Dover Wastewater Treatment Facility Generates Green Energy

Raymond Vermette

Treated effluent is more than water in a pipeline; it’s a potential source of clean renewable energy. While conventional-design hydro turbine generators have been considered for years as a means to scavenge and harvest this potential power source, the challenge posed by the fluctuating flow environment and has more often than not rendered this technology impractical and not cost effective. However, preliminary project data compiled at the City of Dover Wastewater Treatment Facility relating to the power production of a new hydrokinetic turbine generator is providing a reason to consider treated effluent as a cost-effective source of clean, renewable electrical energy for smaller and mid-size operations.

Since the mid-1990s, the City of Dover has been actively engaged in an overall energy upgrade program, which has included measures to increase efficiency and promote the use of clean, renewable sources. In 2011, in alignment with the city’s overall green energy improvement efforts, the management of the wastewater treatment facility decided to consider the installation of a hydro turbine generator to attempt to cost-effectively capture the potential power contained in the moving treated effluent. The facility is comprised of primary clarifiers, conventional activated sludge secondary treatment, secondary clarifiers, and ultraviolet disinfection. The system discharges approximately 2.95 million gallons daily of treated effluent through its outfall pipe, which has a vertical drop of nearly 60 feet. The intention was to utilize any generated electricity on site for operational use.

During the project evaluation process, the city was presented with the opportunity to pilot test a new type of hydro turbine generator design, known as the W4e. Walker Wellington LLC, an equipment supplier to treatment facilities for more than 25 years, developed the technology in conjunction with the inventor, Benjamin Brickett, for use in wastewater treatment effluent lines and related applications with low-head/variable flow conditions in order to provide smaller and mid-size operations the opportunity to generate cost-effective, clean, renewable energy.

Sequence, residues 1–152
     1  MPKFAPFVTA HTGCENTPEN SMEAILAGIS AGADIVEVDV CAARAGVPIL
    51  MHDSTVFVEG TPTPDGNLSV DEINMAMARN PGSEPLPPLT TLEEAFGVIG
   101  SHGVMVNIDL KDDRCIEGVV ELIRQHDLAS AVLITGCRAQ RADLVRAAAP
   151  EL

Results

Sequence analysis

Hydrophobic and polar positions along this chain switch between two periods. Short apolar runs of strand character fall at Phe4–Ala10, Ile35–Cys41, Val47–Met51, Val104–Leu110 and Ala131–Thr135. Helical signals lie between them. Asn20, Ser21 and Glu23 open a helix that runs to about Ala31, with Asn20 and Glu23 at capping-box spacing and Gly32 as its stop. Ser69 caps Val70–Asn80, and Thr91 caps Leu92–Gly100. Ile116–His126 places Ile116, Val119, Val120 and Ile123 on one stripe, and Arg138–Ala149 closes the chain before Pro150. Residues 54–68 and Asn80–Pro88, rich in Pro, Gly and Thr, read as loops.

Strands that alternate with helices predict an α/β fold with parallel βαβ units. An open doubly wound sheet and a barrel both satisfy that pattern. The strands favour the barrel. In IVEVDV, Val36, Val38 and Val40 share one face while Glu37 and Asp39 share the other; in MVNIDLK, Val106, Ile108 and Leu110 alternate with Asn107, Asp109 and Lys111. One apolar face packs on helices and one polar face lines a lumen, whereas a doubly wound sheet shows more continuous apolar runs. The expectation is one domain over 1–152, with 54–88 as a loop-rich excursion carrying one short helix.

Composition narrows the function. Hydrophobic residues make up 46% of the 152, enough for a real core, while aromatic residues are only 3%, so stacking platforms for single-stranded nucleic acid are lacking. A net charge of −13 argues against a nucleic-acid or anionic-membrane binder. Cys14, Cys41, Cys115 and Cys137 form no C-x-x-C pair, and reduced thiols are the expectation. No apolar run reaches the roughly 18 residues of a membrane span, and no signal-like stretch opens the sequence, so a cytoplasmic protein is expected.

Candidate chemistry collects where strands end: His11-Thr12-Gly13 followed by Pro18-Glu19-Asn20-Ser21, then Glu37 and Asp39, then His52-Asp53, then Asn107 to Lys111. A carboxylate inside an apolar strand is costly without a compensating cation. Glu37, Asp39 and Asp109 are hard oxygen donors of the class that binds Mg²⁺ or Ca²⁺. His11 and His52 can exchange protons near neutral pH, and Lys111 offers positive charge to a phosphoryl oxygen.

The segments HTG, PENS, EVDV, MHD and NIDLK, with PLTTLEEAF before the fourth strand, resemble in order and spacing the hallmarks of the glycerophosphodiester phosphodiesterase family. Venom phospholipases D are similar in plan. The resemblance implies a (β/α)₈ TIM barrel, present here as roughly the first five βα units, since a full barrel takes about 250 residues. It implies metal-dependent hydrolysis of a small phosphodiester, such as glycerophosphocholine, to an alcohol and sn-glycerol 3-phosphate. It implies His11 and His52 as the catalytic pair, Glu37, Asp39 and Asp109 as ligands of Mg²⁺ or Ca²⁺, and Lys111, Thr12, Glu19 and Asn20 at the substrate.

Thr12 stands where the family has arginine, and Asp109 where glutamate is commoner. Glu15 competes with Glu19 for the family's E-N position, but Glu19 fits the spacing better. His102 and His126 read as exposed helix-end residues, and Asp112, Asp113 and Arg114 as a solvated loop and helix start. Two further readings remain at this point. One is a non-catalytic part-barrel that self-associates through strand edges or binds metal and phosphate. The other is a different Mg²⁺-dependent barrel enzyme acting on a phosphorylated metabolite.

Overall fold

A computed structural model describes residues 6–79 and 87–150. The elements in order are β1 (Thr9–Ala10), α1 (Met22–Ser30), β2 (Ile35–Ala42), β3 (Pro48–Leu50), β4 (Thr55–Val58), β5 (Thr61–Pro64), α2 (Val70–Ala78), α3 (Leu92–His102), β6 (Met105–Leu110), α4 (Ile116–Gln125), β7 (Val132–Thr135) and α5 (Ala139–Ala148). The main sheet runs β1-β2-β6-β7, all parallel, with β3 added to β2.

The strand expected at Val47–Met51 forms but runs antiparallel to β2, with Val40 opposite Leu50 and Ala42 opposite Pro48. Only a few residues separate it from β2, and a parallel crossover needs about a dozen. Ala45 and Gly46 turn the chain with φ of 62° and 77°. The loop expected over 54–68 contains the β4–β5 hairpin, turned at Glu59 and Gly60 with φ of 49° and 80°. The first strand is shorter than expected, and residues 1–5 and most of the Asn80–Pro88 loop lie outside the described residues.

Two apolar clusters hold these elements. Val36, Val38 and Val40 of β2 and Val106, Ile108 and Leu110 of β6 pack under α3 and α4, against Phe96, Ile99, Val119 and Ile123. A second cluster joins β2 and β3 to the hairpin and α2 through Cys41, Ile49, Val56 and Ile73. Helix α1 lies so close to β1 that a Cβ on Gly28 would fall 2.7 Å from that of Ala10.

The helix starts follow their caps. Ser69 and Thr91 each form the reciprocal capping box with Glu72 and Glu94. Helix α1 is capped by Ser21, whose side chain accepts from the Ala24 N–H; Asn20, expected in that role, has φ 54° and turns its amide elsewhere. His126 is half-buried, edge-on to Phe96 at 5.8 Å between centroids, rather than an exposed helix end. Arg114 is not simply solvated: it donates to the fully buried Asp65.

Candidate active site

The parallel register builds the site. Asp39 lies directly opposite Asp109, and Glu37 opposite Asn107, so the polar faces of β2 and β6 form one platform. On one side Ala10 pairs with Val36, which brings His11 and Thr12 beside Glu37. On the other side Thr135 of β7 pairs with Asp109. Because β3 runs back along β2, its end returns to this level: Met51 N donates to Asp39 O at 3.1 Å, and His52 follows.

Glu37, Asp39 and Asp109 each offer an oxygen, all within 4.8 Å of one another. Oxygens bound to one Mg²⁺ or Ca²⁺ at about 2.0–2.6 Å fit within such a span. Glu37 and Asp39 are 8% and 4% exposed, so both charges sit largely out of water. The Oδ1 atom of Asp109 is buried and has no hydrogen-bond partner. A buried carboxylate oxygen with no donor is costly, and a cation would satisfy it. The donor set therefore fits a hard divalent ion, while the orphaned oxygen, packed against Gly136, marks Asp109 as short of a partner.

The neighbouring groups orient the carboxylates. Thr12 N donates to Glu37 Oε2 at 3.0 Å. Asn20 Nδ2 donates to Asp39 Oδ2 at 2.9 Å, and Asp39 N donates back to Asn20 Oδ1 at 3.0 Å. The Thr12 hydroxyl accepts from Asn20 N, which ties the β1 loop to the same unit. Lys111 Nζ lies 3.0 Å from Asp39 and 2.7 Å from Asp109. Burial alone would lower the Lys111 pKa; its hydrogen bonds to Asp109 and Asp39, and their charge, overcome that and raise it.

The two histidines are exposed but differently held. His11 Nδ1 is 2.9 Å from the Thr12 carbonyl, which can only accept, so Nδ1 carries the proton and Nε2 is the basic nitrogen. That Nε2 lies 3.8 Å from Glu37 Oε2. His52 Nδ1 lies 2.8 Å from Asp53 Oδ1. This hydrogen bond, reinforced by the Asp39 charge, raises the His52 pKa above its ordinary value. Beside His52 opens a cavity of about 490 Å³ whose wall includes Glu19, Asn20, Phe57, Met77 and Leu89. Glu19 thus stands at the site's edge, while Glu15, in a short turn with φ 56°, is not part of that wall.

This project received grant funding through the State of New Hampshire’s 2011 Green Launching Pad.

The W4e has been recognized as an innovative small-hydro power technology by the U.S. Department of Energy. It is an inline, direct drive, hydrokinetic turbine generator. Features include:

Variable pitch control mechanism. As flow rates and head pressure change throughout the day, the turbine blades automatically open and close optimizing the production of energy from the power available from the water stream.

Variable force generator. The level of generator engagement is regulated by the automatic adjustment of the proximity of the magnet embedded rotor to the stator in response to water flow conditions in the pipeline. This eliminates high start-up torque and allows the turbine to maintain safe operational generator speed.

Simplicity/Robustness. The W4e is a simple electro/mechanical (essentially one moving part) technology designed with the goal of low operational and maintenance requirements as well as low life-cycle costs.

Modular/Scaleable. The W4e can be customized to match various pipe sizes and flow conditions found at most facilities by varying the number and size of blades, coils, magnets, and generator rings.

Initial Results
The W4e was installed during the first week of December 2011 in the outfall pipe at the second of three manholes, with an approximate elevation of 15 feet below the disinfection building. Due to existing space constraints, only two generator rings have been mounted on the unit for the initial installation phase. Nevertheless, preliminary results are encouraging.

Now that the unit has met certain initial installation phase objectives, consideration is being given to either (1) relocating the unit to the end of the outfall pipe or (2) keeping the unit at the existing manhole location and installing a second unit at the end of the outfall pipe to explore the efficacy of two units operating in tandem. It is projected that either of these approaches would result in a minimum yield of 14-16 kilowatts with a corresponding minimum annual savings of $14,000 to $16,000 based on current electricity pricing.

Moving Forward
The City of Dover Wastewater Treatment Facility has been very pleased to allow this project to be implemented at its site. The obvious reasons include the anticipated annual electricity cost savings and the contribution toward the city’s green energy initiative. But there is more. Through the use of viable advanced hydro turbine generator technology, small to mid-sized treatment facilities can cost-effectively scavenge and harvest clean, renewable energy resulting in utility savings for countless communities and reduction in carbon emissions to the benefit of us all.

Raymond Vermette is the Supervisor for the City of Dover’s Wastewater Treatment Facility. To view turbine specifications, photographs and diagrams, visit